Learning to live with hearing voicesBMJ 2018; 361 doi: https://doi.org/10.1136/bmj.k2018 (Published 31 May 2018) Cite this as: BMJ 2018;361:k2018
- Emily Knoll
It was after undergoing spinal surgery, and when I felt that I was going down a black hole with my doctorate, that I began to hear distressing voices that seemed to come from outside my head. I was embarrassed by the things that the voices were saying to me, so I didn’t tell anyone. I also thought that if I told a doctor, I would be sent to a psychiatric hospital. So, instead of seeking help, I dropped out of university.
Two years later I experienced what I now understand to have been a psychotic breakdown. Sometimes it felt as if two men and a spiteful woman were actually there, in my room. I held my breath and listened.
“Emily is waiting for us to disappear,” said the woman cruelly.
“We’re not going away,” the man with the brittle voice replied.
I started to play with their words in my head, wondering what they meant by what they had said. Would they really go? I had no idea.
Medication was not the answer
It was still several months before I admitted myself to a psychiatric hospital, and there I received a diagnosis of “schizo-affective disorder.” The diagnosis shattered my fragile confidence, as I began to see myself as a collection of symptoms.
I had three admissions on a busy psychiatric ward. Despite taking antipsychotic medication to suppress the voices, I was still hearing them. I didn’t tell anyone as I felt shame. But hearing the voices made me very withdrawn and distracted. This behaviour could be a clue for clinicians that voice-hearing is continuing.
Changing my relationship with the voices
Some time later a GP asked me if I was still hearing voices, which I was. She then referred me to an understanding psychiatrist, who asked me what the voices said. I just told her they said cruel things to me and I explained that medication had previously failed to stop them. She told me it was possible to live with some level of hearing voices. This was the first time I’d been told this, and I found it helpful.
I went on to have therapy with a psychodynamic therapist who explained that even though the voices sounded separate, it was important to recognise that they were part of me—the critical part of myself. This also helped me to realise I could have some measure of control.
Learning strategies to cope
I went on to have therapy for seven years. I only wanted to take a low amount of medication and only during times of stress, partly because they did not eliminate my voices and also because I disliked the side effects, such as weight gain.
So I was keen to learn strategies for coping with the distressing voices. My therapist encouraged me to talk back to them. Sometimes I questioned them, other times I told them to “shut up.” I also learnt to set boundaries and would ignore the voices when I was studying. I found that when I stopped being frightened of the voices, they became less critical. Sometimes the voices stopped completely for several hours or days. Stress was often a trigger for hearing voices, so I learnt ways to reduce it, such as practising mindfulness.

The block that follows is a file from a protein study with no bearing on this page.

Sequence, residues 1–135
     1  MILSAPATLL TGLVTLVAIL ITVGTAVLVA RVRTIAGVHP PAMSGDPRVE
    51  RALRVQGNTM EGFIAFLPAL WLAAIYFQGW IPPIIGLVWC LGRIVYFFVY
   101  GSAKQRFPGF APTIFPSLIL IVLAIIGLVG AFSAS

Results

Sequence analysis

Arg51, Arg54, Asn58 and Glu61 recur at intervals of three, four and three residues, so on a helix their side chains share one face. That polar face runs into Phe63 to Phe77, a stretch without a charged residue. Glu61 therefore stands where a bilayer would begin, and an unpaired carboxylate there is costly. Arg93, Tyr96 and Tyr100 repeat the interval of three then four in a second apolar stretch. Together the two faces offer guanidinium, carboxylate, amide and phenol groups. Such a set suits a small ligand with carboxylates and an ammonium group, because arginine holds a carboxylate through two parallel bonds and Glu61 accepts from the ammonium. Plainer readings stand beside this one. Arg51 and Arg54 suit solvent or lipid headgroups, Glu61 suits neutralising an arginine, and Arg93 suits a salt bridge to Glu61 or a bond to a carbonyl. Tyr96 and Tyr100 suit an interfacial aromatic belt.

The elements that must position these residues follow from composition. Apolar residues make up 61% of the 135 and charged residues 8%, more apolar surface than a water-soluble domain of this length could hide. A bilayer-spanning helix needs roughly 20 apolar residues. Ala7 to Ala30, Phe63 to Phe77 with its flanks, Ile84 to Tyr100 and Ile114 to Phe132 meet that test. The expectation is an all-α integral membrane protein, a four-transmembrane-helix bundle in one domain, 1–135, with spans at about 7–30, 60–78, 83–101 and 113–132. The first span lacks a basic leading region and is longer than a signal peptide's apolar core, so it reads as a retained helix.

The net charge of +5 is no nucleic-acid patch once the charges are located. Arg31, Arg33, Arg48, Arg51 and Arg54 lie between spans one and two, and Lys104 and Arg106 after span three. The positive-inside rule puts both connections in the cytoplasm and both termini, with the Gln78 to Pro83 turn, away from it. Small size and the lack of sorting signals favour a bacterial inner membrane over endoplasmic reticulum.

I now finally have a doctorate from university, which investigates emotional aspects of the experience of hearing voices in the English adult population. I recently used my experience of psychosis to write a memoir called Emily’s Voices.
What you need to know
People might be too ashamed to admit to hearing voices, so it could be helpful to ask about them directly
Antipsychotic medication is not always successful in eliminating voices, so it might help people to suggest they could live with their own voices too
Consider telling people that voice hearers can have good recoveries, careers, and families—this helps to challenge stigma and shame
Education into practice
Have you heard a patient describe hearing voices before? Does this article offer you new insights on how it might feel?
What questions or observations do you use to identify patients who might be hearing voices? Does this article offer you ideas on how to better approach the topic?
How might you reduce concern or stigma around talking about voices?
Have you experience in talking with patients about how to manage voices? Does this article offer you ideas?
Hearing the Voice (www.hearingthevoice.org)—a large interdisciplinary study of voice-hearing based at Durham University
Emily has written a memoir of her experience of voice-hearing and her experience of mental health services: www.amazon.com/EMILYS-VOICES-Emily-Knoll/dp/1999863801
Competing interests: I have read and understood BMJ policy on declaration of interests and declare the following: None.
Emily Knoll is a pseudonym.